The best rock music, at its heart, has a
youthful exuberance, matched with skillful playing and a good sense of
melody. It's a winning combination, but it's a rare one. And it's all there
in The Eddies. What they offer is a sonic explosion of lush, atmospheric mod
inspired melodies. True, there is more than a smidge of post punk, surf and
power-pop to be found amidst this trio's music. They wear their influences
on their sleeve with pride. But at the core of their songs is a clear
affinity to the classic tune-smithing of the likes of Townshend and Weller.
Built around brothers Dean (l vox, bass) and Dale (b vox, guitars) Hoth, The
Eddies released their first album, “In The Sunshine,” in 2004. The disc
showcased the bands original material to good effect, highlighted by tight
pop-edged rockers such as “All Alone,” and “Life Could Be So Good.” The
album picked up favorable press and airplay in 23 countries, including the
U.S., as well as Yugoslavia, England, France, Germany, Scotland, Portugal,
Spain and Australia.
Crucial to their sound, the recordings marked the beginning of a long
relationship with producer Earle Mankey (The Beach Boys, The Cramps, Sparks,
Concrete Blonde, 20/20 etc). Several drummers have kept time for The Eddies
live show since their inception, with Mankey himself providing drums for the
group's most recent studio recordings.
The Eddies next released an EP in 2006, Modern Music for Modern Times, and
kept busy through 2007 with appearances on a several compilation albums,
including “News of the World MKII” (“Queen of Hearts”) as well as tribute
albums to Neil Diamond (“Sweet Caroline”) and Squire (“Debbie Jones”). The
latter was a top ten hit on Mod Radio UK.
2008 found The Eddies looking at their roots. For their sophomore release,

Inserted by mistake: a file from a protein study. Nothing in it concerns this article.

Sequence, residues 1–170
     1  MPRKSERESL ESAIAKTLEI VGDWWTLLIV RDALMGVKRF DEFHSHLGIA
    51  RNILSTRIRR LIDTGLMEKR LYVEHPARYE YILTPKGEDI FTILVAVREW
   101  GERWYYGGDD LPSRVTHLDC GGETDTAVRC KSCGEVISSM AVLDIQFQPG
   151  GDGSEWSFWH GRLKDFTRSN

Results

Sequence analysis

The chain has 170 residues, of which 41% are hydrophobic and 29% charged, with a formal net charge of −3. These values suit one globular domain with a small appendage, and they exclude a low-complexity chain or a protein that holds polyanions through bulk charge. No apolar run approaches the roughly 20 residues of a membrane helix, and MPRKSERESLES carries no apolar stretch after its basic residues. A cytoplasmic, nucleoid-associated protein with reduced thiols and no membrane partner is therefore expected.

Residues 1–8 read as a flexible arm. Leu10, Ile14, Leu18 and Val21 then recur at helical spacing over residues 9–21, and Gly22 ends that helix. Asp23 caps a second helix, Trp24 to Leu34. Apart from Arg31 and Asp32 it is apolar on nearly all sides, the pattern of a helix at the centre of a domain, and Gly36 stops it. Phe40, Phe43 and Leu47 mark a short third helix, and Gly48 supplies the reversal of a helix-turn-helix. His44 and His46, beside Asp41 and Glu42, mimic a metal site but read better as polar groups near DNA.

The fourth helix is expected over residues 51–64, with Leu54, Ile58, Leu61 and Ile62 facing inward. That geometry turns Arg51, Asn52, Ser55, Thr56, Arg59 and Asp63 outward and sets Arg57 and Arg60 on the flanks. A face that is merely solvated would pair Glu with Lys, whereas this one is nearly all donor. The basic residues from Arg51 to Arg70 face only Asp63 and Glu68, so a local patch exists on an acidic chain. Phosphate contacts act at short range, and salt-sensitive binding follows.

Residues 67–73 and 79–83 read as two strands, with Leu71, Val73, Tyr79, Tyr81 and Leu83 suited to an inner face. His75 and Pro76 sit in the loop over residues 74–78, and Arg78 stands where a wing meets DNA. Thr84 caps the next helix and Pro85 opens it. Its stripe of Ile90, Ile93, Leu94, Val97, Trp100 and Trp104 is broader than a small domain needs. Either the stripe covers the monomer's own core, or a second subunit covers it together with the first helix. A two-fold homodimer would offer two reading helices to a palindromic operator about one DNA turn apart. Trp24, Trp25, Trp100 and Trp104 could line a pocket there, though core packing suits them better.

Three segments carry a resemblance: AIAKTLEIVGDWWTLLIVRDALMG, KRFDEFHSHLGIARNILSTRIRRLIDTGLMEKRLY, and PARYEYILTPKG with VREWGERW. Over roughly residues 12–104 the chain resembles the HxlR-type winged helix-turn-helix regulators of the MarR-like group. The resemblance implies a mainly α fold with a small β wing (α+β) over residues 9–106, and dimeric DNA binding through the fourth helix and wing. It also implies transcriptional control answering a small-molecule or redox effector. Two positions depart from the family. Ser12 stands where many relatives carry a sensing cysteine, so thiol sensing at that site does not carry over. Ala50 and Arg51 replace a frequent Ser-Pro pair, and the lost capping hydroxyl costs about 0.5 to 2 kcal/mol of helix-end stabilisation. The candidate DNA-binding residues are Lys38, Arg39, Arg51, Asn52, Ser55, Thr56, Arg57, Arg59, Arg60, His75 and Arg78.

“Twice Around the World,” the group paid tribute to some of their favorite
artists, covering eleven classic tracks from the early eighties, including
tunes from Squire, Manual Scan, The Risk, The Jetset, Chardon Square, The
Little Murders and The Times. This is a Friday night album, meant to play
loud, sing-a-long with and maybe even strum the occasional air guitar.
Since then, Eddies tracks have appeared on three further tribute albums,
with a single, “I Want You And I Want You,” released in 2010.
The future? It does indeed look bright ahead. Next up, a single, featuring
new versions of “Debbie Jones” and “Don't Know Where To Start” (originally
by Manual Scan, here in a duet with Mark Le Gallez). You'll also find the
band on upcoming tribute albums to The Risk and 20/20. Meanwhile, production
has begun on The Eddies third disc, Return. The band also has their sights
on releasing a concept album, as well as a Christmas album. All of which
should be hotly anticipated by music fans the world over.
Whether you are charmed by their driving originals or admiring their taste
in covers, it's clear The Eddie's continue to be a group to watch. They are
firmly in the small group of bands who manage to capture the joyful spirit
of rock that made us all fans of the music in the first place.
- Bart Mendoza 2011